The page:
CSR in the world of Children

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Previous consumer-oriented Corporate Social Responsibility (CSR) research has mainly focused on adult’s responses and perceptions, while child-consumers have largely been ignored. To the best of the author’s knowledge, this is the first empirical research which addresses the influence of CSR activities of brands in relation to children (age 8-12) as consumers. The present research explores how aware children (age 8-12) are regarding the CSR activities of brands, and if they are, how these CSR activities influence the way in which children form moral evaluations toward brands. A total of 25 in-depth interviews were conducted among 8- and 12-year-old boys and girls in the Netherlands. Subsequently, the parent of each child was interviewed as well to get a better understanding of the child’s thoughts and feelings. The findings show that children can be aware of the (irresponsible) CSR activities of brands. Children who are aware vary between the age of 9 to 12, while nearly all 8-year-olds are unaware of the CSR activities of brands. Most CSR activities children mentioned are related to environmental issues (e.g. use of plastic) and social-ethical issues (e.g. child labor). Furthermore, most children obtained a deeper CSR awareness toward a particular industry. The (irresponsible) CSR activities of brands influence children’s moral evaluations to judge them as ‘good’ or ‘bad’. CSR activities can even be perceived as favorable and/or unique by children which can benefit positive brand judgment. Furthermore, the CSR activities of one brand can influence children’s moral evaluation of other brands in the related category as well. More interesting, the present research provides indications that (irresponsible) CSR activities could, in some cases, influence children’s behavior toward the brands based on their associations and attitudes. This may suggest that increasing children’s CSR awareness could support them in translating their desire to be sustainable into their consumption behavior. This study identifies three possible factors that could indicate the differences found in awareness and attitudes among children regarding the (irresponsible) CSR activities of brands, which potentially could result in changed behavior: (1) Motivation: perceiving CSR as personally relevant, having concerns regarding CSR, and having persistent beliefs about what is good or bad. (2) Ability: cognitive abilities due to the child’s age and the influence of their social environment in which the parents play a more prominent role. (3) Opportunity: the direct experiences the child has with the brand and the complexity of the CSR activity (e.g. observable/non-observable).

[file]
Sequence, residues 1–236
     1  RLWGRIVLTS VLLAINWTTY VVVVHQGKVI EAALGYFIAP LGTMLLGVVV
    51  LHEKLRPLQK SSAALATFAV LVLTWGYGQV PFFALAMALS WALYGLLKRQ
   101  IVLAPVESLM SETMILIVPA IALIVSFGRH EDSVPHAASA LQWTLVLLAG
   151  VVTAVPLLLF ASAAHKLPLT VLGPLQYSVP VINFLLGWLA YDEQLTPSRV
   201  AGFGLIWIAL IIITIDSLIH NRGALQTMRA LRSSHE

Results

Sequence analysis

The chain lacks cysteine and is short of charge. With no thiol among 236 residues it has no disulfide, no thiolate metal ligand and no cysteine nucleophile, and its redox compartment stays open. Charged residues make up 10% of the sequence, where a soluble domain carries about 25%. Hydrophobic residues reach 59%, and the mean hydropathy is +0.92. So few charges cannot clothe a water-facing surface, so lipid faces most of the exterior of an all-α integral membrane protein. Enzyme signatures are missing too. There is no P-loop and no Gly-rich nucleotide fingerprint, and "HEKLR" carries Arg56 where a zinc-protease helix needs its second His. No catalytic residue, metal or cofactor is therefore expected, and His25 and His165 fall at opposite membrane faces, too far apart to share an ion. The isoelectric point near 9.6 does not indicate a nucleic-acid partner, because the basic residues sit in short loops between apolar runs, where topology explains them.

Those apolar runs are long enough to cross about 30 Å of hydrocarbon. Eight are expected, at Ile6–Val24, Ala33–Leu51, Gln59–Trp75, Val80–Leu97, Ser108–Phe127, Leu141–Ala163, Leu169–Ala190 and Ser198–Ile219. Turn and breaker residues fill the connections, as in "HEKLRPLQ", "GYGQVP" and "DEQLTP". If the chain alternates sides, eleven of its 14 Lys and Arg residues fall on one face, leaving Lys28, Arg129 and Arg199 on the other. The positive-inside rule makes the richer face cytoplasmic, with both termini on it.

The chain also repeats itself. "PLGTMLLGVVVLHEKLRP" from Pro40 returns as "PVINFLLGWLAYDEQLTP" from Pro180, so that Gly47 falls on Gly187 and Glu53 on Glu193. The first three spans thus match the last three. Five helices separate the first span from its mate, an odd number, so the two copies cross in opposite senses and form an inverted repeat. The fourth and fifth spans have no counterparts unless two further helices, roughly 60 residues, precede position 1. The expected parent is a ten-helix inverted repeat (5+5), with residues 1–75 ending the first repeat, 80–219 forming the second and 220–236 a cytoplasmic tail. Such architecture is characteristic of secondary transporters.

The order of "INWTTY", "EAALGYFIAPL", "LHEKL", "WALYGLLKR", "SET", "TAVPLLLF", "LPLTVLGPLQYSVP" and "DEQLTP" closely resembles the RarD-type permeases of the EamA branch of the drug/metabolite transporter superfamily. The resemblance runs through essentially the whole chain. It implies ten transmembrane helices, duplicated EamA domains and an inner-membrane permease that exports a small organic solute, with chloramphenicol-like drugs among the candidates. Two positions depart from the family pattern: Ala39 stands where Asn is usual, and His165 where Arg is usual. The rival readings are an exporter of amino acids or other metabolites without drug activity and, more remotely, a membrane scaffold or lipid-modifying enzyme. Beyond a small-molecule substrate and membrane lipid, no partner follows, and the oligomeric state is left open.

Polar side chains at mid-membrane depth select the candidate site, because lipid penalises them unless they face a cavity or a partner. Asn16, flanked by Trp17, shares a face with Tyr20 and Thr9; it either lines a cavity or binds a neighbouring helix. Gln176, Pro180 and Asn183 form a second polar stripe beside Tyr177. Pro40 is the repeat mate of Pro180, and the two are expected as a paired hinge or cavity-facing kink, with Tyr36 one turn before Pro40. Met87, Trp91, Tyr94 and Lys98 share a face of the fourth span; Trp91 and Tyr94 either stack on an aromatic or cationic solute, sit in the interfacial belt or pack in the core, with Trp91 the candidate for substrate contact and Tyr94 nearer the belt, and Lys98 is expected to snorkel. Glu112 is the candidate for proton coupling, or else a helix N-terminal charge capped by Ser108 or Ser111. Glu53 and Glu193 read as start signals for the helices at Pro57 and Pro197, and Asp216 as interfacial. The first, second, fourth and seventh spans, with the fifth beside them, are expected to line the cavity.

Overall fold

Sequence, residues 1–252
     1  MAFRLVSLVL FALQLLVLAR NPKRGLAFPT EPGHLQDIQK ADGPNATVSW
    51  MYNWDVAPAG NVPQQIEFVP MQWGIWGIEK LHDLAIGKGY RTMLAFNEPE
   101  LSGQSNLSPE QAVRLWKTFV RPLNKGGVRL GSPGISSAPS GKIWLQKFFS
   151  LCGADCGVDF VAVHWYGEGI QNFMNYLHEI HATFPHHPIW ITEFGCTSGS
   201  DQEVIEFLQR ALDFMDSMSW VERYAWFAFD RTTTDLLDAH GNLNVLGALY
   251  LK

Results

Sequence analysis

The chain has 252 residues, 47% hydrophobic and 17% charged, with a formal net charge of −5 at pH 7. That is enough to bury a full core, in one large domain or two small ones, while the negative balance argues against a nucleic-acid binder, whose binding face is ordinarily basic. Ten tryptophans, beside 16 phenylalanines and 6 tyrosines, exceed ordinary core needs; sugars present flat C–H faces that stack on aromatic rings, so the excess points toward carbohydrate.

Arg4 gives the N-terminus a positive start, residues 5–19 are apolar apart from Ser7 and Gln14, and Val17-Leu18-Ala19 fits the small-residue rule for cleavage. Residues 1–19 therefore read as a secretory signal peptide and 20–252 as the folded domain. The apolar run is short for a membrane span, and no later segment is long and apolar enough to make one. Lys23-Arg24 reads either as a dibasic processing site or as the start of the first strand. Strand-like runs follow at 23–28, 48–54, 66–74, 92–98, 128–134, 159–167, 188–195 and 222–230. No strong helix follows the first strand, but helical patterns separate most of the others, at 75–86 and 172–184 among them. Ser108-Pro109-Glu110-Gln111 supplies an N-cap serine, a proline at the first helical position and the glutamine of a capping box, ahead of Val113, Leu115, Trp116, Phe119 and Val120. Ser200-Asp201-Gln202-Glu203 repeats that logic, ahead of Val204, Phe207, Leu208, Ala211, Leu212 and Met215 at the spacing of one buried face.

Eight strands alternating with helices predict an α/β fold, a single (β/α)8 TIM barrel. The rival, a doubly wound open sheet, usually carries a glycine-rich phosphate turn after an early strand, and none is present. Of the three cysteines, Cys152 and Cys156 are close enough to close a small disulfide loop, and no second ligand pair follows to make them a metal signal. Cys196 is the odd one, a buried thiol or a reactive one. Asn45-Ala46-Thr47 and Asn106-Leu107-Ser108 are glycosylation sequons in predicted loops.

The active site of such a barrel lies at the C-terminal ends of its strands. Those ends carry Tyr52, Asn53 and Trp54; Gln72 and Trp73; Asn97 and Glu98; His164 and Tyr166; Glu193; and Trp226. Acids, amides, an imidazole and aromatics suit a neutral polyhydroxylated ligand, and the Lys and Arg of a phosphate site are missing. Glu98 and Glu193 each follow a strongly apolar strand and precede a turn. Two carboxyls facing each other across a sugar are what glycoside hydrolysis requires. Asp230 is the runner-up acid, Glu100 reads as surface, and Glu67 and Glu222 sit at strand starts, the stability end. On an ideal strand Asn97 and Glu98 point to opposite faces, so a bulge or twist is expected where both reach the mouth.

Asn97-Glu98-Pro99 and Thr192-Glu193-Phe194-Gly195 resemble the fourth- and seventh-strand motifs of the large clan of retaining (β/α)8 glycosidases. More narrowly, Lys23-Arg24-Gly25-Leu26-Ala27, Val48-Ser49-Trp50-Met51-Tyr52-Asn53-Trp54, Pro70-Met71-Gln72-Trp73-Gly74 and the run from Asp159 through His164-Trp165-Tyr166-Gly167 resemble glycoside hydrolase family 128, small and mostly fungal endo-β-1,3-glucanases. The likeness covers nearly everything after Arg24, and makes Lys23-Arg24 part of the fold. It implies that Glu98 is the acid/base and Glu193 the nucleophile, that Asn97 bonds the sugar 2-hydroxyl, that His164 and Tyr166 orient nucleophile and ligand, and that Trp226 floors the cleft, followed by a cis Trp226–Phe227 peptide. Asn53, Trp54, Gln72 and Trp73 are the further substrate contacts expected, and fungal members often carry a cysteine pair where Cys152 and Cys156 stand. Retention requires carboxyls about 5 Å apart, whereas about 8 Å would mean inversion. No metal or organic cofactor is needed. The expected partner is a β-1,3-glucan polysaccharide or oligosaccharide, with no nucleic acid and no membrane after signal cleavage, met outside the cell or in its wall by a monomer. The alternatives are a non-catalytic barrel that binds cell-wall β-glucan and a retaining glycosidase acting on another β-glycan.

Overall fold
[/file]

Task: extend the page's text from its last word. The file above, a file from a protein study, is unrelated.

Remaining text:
Faculteit der Managementwetenschappen